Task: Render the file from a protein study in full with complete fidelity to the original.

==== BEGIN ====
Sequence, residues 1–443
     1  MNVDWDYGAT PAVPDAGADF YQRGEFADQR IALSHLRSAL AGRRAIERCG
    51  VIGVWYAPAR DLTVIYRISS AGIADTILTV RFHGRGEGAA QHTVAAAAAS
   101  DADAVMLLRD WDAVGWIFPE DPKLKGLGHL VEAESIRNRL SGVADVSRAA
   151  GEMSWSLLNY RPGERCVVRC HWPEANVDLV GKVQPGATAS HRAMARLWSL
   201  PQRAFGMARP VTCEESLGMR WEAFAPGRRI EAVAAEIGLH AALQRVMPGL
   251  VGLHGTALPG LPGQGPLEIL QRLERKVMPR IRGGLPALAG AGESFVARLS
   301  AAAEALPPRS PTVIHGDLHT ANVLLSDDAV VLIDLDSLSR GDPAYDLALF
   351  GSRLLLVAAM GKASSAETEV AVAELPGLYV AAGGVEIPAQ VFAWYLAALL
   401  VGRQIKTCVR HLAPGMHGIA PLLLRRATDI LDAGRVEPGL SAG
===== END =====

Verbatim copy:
Sequence, residues 1–443
     1  MNVDWDYGAT PAVPDAGADF YQRGEFADQR IALSHLRSAL AGRRAIERCG
    51  VIGVWYAPAR DLTVIYRISS AGIADTILTV RFHGRGEGAA QHTVAAAAAS
   101  DADAVMLLRD WDAVGWIFPE DPKLKGLGHL VEAESIRNRL SGVADVSRAA
   151  GEMSWSLLNY RPGERCVVRC HWPEANVDLV GKVQPGATAS HRAMARLWSL
   201  PQRAFGMARP VTCEESLGMR WEAFAPGRRI EAVAAEIGLH AALQRVMPGL
   251  VGLHGTALPG LPGQGPLEIL QRLERKVMPR IRGGLPALAG AGESFVARLS
   301  AAAEALPPRS PTVIHGDLHT ANVLLSDDAV VLIDLDSLSR GDPAYDLALF
   351  GSRLLLVAAM GKASSAETEV AVAELPGLYV AAGGVEIPAQ VFAWYLAALL
   401  VGRQIKTCVR HLAPGMHGIA PLLLRRATDI LDAGRVEPGL SAG